Planning issues for Odeon in London and Vue in Brighton… a cinema rebuilt from the wreckage of Hurricane Katrina… Happy (Feet) ending for one cinema in Australia but not for 2nd… autism-friendly screenings and Empire worried about its loans… Giselle and Goldfrapp both in cinemas… measles and what Bird Flu will do to exhibition… plus why no cinema for Halliwell’s home town?
UK: More on the proposal for the demolition of the (smaller) Odeon cinema on Leicester Square. “The Edwardian Group wants to replace the Odeon Cinema West End with a ten-storey block comprising a hotel, spa and a two-screen cinema… The plans, which are to be debated by Westminster City Council, include a 360-room hotel, which would be eight storeys high. A spa with a swimming pool, Odeon cinema and a banqueting suite would be two storeys below ground.” While the building is interesting (and home to Odeon’s corporate HQ), the cinema inside has been undistinguished since the balcony was split off to form a separate screen. Link. [A PDF copy of the plan can be downloaded here]
UK: Vue’s cinema plans for Brighton Hippodrome appear to be in limbo. “Planners say they need more detailed proposals on turning the Grade II-listed Brighton Hippodrome into a cinema before a decision can be made on its future. The proposal, submitted to the city council on 20 December, would see the theatre turned into a £35m eight-screen Vue cinema and four restaurants.” Perhaps Vue should stay that it will continue with ‘live performances’ – shown live on the big screen. Link.
UK: “In House Cinema will be based at the Exchange at the Thainstone Centre, Inverurie. And it aims to screen new film releases for all ages every month. The first screening at the 500-seater venue will be on Friday, January 31 with Moshi Monsters: The Movie, at 6pm and Mandela: Long Walk to Freedom, being shown at 8pm.” Quite the double bill. Link.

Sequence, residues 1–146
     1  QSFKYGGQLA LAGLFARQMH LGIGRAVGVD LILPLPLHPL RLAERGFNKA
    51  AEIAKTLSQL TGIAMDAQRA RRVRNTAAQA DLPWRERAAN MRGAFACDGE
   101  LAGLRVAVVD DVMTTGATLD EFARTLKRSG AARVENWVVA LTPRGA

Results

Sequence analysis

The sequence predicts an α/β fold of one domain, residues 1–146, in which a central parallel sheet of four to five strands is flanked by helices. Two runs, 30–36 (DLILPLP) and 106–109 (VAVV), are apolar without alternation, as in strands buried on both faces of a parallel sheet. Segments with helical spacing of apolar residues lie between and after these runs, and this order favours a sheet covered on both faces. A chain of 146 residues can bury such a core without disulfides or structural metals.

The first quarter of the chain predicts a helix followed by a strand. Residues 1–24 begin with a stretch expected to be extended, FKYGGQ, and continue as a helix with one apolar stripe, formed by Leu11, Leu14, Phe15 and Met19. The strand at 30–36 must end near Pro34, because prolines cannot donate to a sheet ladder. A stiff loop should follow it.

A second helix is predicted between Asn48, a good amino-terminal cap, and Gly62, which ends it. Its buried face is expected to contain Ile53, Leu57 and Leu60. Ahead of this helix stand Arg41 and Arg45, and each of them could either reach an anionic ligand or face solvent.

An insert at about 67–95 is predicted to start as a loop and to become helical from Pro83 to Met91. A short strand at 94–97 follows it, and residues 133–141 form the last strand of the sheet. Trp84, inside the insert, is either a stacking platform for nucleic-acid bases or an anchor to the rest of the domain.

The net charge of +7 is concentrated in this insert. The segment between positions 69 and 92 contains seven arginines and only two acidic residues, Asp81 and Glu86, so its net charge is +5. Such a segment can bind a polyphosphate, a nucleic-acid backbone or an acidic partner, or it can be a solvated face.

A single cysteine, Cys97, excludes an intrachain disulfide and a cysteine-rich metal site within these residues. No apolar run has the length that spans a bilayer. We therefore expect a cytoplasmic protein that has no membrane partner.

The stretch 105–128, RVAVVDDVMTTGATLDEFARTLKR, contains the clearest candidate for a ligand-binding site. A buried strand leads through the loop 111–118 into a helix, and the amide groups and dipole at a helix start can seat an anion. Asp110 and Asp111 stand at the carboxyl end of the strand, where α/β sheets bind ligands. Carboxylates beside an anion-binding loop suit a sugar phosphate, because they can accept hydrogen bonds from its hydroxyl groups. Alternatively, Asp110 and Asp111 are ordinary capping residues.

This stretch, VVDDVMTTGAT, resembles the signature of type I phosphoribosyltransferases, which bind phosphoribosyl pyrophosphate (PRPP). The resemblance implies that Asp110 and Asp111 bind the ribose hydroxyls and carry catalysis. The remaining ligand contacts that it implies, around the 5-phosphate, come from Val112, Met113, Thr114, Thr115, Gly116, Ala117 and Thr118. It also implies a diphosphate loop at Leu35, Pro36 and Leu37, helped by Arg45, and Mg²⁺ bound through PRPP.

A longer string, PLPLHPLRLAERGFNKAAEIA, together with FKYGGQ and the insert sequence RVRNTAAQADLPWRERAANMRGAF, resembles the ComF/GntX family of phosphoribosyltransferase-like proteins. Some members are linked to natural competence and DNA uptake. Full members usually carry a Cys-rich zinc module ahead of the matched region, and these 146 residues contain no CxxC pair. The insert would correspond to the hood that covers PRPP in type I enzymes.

USA: Central Oregon. “Demolition of the former Pilot Butte 6 theater building in Bend is underway this week. At left, the theater entrance appears during its last day of showing films in September.” (Nothing particularly distinguished about the cinema, we just liked the photo.) Link.
USA: A really big screen for Nebraska (the state, not the film). “In the coming months, Marcus Theatres plans to introduce a new concept to the downtown Lincoln Grand Cinema: the Ultrascreen DLX. The theater features a screen that is three stories high and up to 74 feet wide, as well as electric leather recliners and a state-of-the-art Dolby sound system called Atmos. But these supposedly new innovations, film studies professor Wheeler Dixon said, are just a repeat of what had already been done in the past, and they’re being done now for the same reason: to stay competitive.” In case you hadn’t guessed. Link.
USA: A cinema in Louisiana that was flooded by Hurricane Katrina is set to be re-opened after a $500,00 refurbishment by two enthusiasts with cinema in their blood. “The mud, muck and graffiti in the old Choctaw Cinema in Waveland will soon be replaced with Mardi Gras beads, reminders of New Orleans and scenes from the beaches of Bay St. Louis and Waveland. Brothers John and Charles Watzke of Florida bought the abandoned cinema in September and want each of the four projection rooms to have a theme unique to Southern culture.” Tickets will be cheaper than at big chains ($6 compared to $9.75) and so will soft drinks ($2.50-$3.50 compared to $5-$7), though no word on popcorn. Initially they will only have 35mm projectors. Link1
Australia: However, it is not always easy to run an art-house cinema. “The George Revival Cinema in Fitzroy Street will close its doors after the weekend of January 31 to February 2, after six months of operation. The cinema reopened last year after a two-year hiatus, with a program of old and some new movies. It was run by Gus Berger, making a first foray into cinema management after a range of other film and music-related activities.” Kudos for trying. Link.